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Tokyo 2020 Olympics

Tokyo Olympics' visiting media contingent to be tracked with GPS

Organizers call rules 'acceptable' in light of COVID, eye more vaccines

Tokyo 2020 organizing committee president Seiko Hashimoto, right, and committee CEO Toshiro Muto chat before the start of an executive board meeting on June 8.   © Reuters

TOKYO -- International journalists covering the Tokyo Olympics this summer will be subjected to close monitoring as a coronavirus precaution, including via GPS, the games' organizers told reporters on Tuesday.

Tokyo 2020 Organizing Committee President Seiko Hashimoto explained that visiting media personnel would be expected to comply with the monitoring for safety's sake. "In case of a breach of the rules, we will revoke media accreditation," she said.

In principle, incoming journalists will be required to refrain from going out during the first 14 days of their stay in Japan. From the fourth day, however, visiting reporters will be allowed to go to places they have registered in advance -- as long as they do not use public transportation to get there. They will undergo daily COVID-19 tests on the first three days.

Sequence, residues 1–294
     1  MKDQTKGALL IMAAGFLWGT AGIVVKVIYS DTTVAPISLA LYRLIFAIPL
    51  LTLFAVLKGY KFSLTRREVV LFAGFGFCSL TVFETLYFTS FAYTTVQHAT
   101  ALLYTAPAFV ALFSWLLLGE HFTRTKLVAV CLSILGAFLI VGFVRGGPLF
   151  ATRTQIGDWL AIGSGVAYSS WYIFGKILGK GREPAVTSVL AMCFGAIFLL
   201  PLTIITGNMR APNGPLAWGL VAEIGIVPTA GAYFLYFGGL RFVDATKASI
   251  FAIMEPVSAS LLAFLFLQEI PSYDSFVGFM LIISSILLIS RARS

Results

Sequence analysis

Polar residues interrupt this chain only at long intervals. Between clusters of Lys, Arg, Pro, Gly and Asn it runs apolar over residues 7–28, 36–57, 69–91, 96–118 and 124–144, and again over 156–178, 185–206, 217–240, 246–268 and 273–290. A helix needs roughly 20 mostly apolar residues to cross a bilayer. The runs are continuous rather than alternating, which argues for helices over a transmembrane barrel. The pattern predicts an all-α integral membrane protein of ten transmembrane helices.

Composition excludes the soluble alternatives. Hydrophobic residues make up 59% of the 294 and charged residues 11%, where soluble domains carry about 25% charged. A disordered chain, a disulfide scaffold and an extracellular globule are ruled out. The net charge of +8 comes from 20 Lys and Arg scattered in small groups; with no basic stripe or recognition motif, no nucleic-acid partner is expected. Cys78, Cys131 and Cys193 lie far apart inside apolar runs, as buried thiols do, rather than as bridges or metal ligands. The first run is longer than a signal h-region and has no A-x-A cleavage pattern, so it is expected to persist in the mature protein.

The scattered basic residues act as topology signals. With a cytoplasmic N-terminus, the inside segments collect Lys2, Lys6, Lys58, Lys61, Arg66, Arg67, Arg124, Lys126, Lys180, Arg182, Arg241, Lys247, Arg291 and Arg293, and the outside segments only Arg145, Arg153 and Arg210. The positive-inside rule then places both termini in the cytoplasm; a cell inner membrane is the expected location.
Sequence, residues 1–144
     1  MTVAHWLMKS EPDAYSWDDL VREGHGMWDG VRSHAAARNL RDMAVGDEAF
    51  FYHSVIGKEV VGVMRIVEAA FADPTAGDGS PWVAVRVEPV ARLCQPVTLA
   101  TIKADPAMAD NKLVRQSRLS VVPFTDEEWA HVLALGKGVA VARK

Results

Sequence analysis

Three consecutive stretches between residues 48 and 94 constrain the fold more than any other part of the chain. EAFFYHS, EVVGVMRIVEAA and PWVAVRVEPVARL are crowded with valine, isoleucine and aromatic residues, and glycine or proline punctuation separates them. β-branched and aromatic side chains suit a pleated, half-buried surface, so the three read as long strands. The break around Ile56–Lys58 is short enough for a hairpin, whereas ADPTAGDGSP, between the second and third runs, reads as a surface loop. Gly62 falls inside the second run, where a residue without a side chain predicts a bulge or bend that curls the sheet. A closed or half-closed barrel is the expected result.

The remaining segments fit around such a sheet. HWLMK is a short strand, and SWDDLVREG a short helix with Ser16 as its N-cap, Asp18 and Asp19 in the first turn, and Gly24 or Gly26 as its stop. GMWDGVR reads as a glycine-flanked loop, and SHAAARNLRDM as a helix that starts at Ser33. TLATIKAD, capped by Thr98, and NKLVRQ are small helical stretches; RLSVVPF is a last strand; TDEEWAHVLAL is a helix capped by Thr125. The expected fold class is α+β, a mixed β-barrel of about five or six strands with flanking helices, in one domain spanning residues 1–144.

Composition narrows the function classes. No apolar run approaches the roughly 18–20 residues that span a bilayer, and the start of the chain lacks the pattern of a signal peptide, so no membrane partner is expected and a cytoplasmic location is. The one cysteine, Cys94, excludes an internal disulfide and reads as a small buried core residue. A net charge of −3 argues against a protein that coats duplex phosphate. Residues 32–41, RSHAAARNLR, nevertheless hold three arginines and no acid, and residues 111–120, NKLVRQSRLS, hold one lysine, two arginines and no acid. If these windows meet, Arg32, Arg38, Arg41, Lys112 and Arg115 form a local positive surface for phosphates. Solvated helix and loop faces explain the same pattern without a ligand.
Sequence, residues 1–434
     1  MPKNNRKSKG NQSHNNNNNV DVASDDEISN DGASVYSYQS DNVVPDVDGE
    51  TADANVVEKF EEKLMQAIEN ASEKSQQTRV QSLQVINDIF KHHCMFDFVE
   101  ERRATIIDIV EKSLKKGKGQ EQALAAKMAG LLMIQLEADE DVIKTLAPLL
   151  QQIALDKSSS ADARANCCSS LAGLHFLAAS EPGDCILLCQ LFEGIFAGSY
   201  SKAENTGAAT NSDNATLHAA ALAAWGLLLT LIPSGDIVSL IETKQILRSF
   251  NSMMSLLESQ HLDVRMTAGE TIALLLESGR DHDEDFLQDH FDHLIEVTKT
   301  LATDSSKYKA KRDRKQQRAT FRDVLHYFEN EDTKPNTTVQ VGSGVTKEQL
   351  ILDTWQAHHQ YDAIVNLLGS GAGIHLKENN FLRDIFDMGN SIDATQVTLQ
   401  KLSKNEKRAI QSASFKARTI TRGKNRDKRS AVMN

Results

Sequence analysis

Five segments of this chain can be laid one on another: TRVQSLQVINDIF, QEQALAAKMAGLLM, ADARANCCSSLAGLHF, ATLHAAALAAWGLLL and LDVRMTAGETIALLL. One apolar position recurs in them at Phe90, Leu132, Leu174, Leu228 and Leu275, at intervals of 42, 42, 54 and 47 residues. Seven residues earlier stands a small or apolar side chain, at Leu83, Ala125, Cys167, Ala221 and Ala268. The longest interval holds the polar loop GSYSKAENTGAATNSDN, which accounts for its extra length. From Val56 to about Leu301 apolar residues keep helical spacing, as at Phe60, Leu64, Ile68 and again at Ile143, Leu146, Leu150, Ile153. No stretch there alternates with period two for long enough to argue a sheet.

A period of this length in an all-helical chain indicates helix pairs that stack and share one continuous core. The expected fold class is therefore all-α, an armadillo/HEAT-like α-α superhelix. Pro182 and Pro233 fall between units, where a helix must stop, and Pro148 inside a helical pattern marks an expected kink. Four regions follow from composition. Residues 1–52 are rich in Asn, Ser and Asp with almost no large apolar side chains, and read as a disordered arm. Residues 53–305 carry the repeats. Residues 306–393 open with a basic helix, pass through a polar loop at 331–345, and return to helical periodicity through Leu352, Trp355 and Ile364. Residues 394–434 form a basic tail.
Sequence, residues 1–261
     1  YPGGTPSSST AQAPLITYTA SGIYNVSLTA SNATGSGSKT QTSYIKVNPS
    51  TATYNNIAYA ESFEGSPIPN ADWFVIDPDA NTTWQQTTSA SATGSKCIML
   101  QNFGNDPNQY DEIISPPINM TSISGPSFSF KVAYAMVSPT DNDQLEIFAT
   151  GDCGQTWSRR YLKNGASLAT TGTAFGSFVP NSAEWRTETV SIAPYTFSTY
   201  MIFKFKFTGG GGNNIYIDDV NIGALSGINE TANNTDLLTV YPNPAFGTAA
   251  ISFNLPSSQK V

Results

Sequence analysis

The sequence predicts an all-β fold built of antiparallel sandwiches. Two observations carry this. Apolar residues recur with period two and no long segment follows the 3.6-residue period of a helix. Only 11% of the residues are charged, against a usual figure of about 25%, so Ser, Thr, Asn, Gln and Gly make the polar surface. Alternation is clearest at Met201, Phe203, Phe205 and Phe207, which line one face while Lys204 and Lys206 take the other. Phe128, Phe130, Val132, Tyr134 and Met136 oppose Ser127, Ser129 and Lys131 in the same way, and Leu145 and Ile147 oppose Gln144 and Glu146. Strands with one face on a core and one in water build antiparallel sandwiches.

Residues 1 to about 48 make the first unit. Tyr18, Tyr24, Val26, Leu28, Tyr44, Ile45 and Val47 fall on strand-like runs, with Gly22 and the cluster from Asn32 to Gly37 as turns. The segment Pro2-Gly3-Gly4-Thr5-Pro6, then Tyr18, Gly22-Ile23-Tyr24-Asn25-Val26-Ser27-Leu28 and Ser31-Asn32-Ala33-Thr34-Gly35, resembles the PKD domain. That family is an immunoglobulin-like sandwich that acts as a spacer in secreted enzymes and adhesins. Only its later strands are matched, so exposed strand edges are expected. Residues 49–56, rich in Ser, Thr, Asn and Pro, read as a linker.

The organizers intend to work closely with hotels to keep track of the visiting reporters, who will be asked not to use shared accommodation, such as friends' homes. Initially, about 350 hotels were expected to accommodate the global media, but Tokyo 2020 officials now aim to trim that number to 150.

The GPS monitoring will be conducted using each journalist's smartphone. Organizers will ask them to keep the positioning function on and save the data, they said without clarifying the technical details. Individuals will be required to show the data if the need arises, according to the organizers.

Media based in Japan will be exempt from the restrictions. The monitoring of foreign journalists will be lifted after 14 days, at which point they will also be allowed to interact with local residents.

"We think this is an acceptable restriction given the current COVID situation," Tokyo 2020 CEO Toshiro Muto told reporters on Tuesday, when asked whether the rules put press freedom at risk.

"This is not relevant to the freedom of the press," he said.

Muto also said that organizers are "considering" vaccinating domestic media, but that the details were still up for discussion. He added that it is "possible" the organizers will ask for further vaccine donations to shore up safety.

One thing that was not discussed at a Tokyo 2020 executive board meeting on Tuesday, he said, was the possibility of canceling or postponing the games. "There was no talk about that whatsoever," he said.

The organizers stressed that 80% of the medical workers needed for the games have already been secured. Up to 230 doctors and 310 nurses will be required daily during the event.

Hashimoto said officials aim to find the other 20% of the medical personnel within the month.

Preparations for the games, she emphasized, are proceeding. "I want the Japanese people to praise the athletes who will gather after overcoming a hard time," she said.

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